Central Bank lowers the key rate, still fails to impress markets
by Şeyma Eraz
ISTANBULJan 21, 2015 - 12:00 am GMT+3
by Şeyma Eraz
Jan 21, 2015 12:00 am
The Turkish Central Bank decreased the key interest rate 50 basis point after ongoing critisim which blaming high rates for creating high production costs
The Committee of the Central Bank announced yesterday that it has decided to cut the one-week repo rate to 7.75 percent from 8.25 percent following a drop in inflation – although other interest rates remained steady. The marginal funding rate remained at 11.25 percent, the interest rate on borrowing facilities provided for primary dealers via repo transactions remained at 10.75 percent and the borrowing rate remained at 7.5 percent. The bank has been criticized by markets, businessmen and the government for keeping rates steady for five months.
A 50 basis point decrease was an expected drop, but it still failed to impress the country's business communities. While decreasing the rate, the CBRT also said that further cuts will depend on future inflation-rate declines.
Erdoğan called on the bank to decrease the rates by pointing to declining oil prices, which contributes to the reduction of the current account deficit - one of the country's main economic obstacles. The CBRT insisted on following markets until a clear sign regarding inflation was apparent. The consumer price index in December had declined by 0.44 percent compared to the previous month, which was below expectations. In the beginning of January, Deputy Prime Minister Ali Babacan announced the government wants inflation to fall to 6 percent by March and Economy Minister Nihat Zeybekci said that the CBRT should revise interest rates by taking inflation expectations in consideration.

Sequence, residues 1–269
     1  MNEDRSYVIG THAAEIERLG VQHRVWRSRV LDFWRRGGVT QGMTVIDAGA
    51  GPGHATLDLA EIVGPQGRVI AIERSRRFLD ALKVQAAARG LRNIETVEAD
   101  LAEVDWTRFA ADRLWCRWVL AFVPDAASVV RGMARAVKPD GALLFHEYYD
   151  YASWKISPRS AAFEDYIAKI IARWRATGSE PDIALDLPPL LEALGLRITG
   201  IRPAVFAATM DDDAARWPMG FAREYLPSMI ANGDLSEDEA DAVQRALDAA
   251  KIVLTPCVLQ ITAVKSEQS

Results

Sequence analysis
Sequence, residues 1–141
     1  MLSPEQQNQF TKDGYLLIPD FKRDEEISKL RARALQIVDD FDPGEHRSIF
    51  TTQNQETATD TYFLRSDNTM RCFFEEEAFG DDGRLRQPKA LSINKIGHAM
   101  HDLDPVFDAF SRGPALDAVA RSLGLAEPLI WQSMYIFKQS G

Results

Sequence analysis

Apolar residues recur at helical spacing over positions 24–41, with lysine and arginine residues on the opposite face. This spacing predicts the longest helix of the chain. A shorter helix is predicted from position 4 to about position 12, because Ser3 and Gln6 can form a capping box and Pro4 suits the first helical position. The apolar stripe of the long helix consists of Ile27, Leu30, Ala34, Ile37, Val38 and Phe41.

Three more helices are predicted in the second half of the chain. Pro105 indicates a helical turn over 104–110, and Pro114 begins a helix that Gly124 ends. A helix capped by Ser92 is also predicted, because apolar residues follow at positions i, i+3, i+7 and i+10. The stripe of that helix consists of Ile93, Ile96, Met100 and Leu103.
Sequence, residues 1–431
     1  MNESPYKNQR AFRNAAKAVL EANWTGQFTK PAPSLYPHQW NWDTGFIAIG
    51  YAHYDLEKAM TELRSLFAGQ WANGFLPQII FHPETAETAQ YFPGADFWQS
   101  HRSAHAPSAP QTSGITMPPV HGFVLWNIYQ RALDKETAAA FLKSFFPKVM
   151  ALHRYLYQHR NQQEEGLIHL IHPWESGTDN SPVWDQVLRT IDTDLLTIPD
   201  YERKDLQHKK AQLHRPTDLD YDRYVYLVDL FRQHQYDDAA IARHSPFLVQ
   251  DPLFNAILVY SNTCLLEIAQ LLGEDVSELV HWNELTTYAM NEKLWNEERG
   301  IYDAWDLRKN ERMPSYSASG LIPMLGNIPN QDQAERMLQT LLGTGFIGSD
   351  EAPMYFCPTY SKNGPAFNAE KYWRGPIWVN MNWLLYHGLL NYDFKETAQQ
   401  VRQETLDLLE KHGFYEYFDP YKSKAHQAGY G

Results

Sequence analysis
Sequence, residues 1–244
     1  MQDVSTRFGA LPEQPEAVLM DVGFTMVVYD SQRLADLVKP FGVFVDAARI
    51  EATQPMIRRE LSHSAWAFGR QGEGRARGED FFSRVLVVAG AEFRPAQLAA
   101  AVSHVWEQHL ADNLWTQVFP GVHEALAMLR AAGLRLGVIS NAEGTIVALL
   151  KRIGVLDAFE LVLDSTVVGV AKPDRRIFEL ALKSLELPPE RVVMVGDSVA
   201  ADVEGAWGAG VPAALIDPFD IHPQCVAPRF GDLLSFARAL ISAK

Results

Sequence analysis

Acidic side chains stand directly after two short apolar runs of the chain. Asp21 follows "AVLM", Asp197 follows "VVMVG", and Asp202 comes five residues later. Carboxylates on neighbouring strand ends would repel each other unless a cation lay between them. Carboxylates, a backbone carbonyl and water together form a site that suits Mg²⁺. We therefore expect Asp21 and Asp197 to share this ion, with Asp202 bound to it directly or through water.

Speaking to Daily Sabah, economist and Nişantaşı University President Kerem Alkin said that the CBRT, as being a monetary school of thought, has always had its own perspective on monetary policies. "We have to emphasize that this perspective is a bit conservative and doesn't like to be proactive. The bank always makes decisions regarding its own analysis, despite the criticisms by political authorities and markets," Alkin stressed, adding that the 50 basis point decrease was typical of the cautious attitude held by the CBRT. He also said that the pricing of the U.S. dollar to Turkish lira exchange was projecting a 75-100 basis point decrease. "On the other hand, markets signs indicate that this decline will reach at least 1 point at the meeting of the bank on March 17. However, political circles are expecting a 2-point fall. So, if the CBRT will not decrease the rates that much, they should announce a more detailed explanation for better perception management," Alkin emphasized.
"The main purpose of the CBRT's existence is to provide price stability and to avoid pressures on inflation by exchange rates; so, the bank's decision is quite understandable," said economist Hikmet Baydar, the founder of 3 Göz Consultancy. Furthermore, reinforcing that it is the government's duty to provide confidence and increase foreign direct investments, Baydar said, "Declining interest rates should be a result of a secure business environment." The Chairman of the Istanbul Chamber of Commerce, İbrahim Çağlar, also released a written statement that stressed the decision of the CBRT was a positive sign to follow; however, it was not satisfying.